Anani, who is of Egyptian and Palestinian descent, said he tried to apply for the PPP during the first round of lending but, like many small business owners without a direct line to a big bank, was shut out. By the time the government added more money to the pot, Anani had reconsidered.
“I didn’t apply because the terms were outrageous,” said Anani, 38. “It just wasn’t beneficial to a restaurant. … When we looked at where we were at and when we were going to be able to reopen, the forgiveness had so many stipulations tied to it and I had to bring so much staff back … It was all about, ‘Look, we got these unemployment numbers down.’ It wasn’t about reopening these businesses successfully.”
Part of a historic federal stimulus package, the PPP offers businesses low-interest loans that can be converted to grants if used on payroll and approved business expenses like rent or mortgage payments. The original terms of the program required businesses seeking loan forgiveness to staff back up to 75% of pre-COVID-19 levels within eight weeks of receiving the funds. Those rules have been relaxed through subsequent legislation, and Anani said he’s now considering applying.
Networking to the bank
But there are numerous systemic reasons the PPP and programs like it tend to elude communities of color and one of the most potent is a lack of banking relationships.
And simply having a banking relationship at your local branch isn’t the same as having a meaningful banking relationship that comes with a cellphone number of a loan decision-maker, Van Tol said.
Ransom’s is one case in point.
“I use Chase Bank for all my business banking and Chase completely dropped the ball,” Ransom said of his PPP application experience. “I filled out all these documents they required and I didn’t hear back from them for almost a month. Couldn’t talk to a human being at all.”
After a month of waiting, it was Ransom’s landlord in Madison Heights who tipped the restaurateur off to the fact that an equipment leasing company was now processing PPP loans. Ransom applied through the company and was approved for all three of his restaurants within 24 hours.
“This may have affected a lot of people of color, business owners in the city,” Ransom said. “… It could be the inability of the banks to process these things that caused so many problems with these minority business owners. If I didn’t have my landlord reach out to me, I probably wouldn’t have gotten it either.”
Van Tol points to another systemic reason for the limited representation of Black-owned businesses: The PPP was designed specifically to help companies retain employees, and the NCRC’s research shows only 2.1% of businesses with employees in the U.S. are Black-owned.
While much attention has been paid to discrimination in mortgage lending to reckon with a well-known history of racial redlining, Van Tol said, the small business lending environment remains ripe for bias.
“A small business loan looks at things like revenue and credit score, but part of the small business lending process is a judgment effectively about your character or whether or not you’ve really got what it takes to succeed as a business,” Van Tol said. “The problem is it introduces quite a bit of judgment into the lending process. And we know that even absent intentional discrimination, people have implicit bias when dealing with people not like them.”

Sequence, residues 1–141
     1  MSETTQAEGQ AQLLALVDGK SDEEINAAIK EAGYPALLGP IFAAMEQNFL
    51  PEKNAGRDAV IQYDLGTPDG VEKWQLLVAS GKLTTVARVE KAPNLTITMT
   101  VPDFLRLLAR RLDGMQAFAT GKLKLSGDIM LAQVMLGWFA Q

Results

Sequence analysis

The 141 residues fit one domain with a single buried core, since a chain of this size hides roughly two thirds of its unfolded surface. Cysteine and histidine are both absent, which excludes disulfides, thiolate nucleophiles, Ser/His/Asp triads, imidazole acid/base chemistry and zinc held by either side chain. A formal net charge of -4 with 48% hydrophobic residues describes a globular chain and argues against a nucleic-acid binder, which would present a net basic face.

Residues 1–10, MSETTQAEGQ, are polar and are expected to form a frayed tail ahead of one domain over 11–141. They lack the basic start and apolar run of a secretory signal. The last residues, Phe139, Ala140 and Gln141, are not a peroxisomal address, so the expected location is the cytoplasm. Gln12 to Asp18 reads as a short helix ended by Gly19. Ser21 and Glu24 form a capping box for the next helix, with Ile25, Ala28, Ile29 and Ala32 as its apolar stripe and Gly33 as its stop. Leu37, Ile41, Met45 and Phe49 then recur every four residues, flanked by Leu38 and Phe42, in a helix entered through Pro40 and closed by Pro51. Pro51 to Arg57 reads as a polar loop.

Tara Young is a former social worker born and raised in Detroit who switched careers almost a decade ago to open 44 Burrito, a fast-casual Mexican joint known for its deep-fried burritos and named in reference to Barack Obama’s historic presidency.
Restaurants, often seen as high-risk businesses by lenders, are difficult to finance to begin with, but as a Black, female entrepreneur, Young said she struggled even harder to fund her upstart fast-casual joint.
“Starting this business, I have never been able to get a business loan, SBA loan, anything like that, until this pandemic,” Young, 50, said. “It’s very rare as an African American to get a business loan through a bank institution. … If you are connected, that’s what opens the doors for you. It’s the who you know, not what you’ve done.”
Young said she used her connections developed through the Motor City Match program, which recently awarded her $60,000 to help her open a second location in New Center, to successfully apply for a small PPP loan when going through her banks proved fruitless. (Motor City Match is a neighborhood development program administered by the Detroit Economic Growth Corp. that helps entrepreneurs set up shop. To date, 70% of awardees have been women of color.)
Young said she feels like she “backdoored” the PPP process. The first time she tried to apply, she went to the credit union where she’s been a member for nearly 30 years and received the runaround.
“I feel like nobody is out here helping Black businesses,” she said of lending institutions. “You have to network yourself and do it however you need to make it happen.”
Young’s dream is to turn 44 Burrito into a national franchise, but that will be difficult to do, she concedes, without institutional support.
“I hate going to the bank,” she said. “It’s more depressing to be turned down. So you just keep doing what you’re doing and rob Peter to pay Paul, and that’s what you have to do because you can’t get a loan. Black businesses are always mom-and-pop because of that.”
This article originally appeared on Detroit Free Press: 785 Michigan restaurants got big PPP loans. 1 listed as Black-owned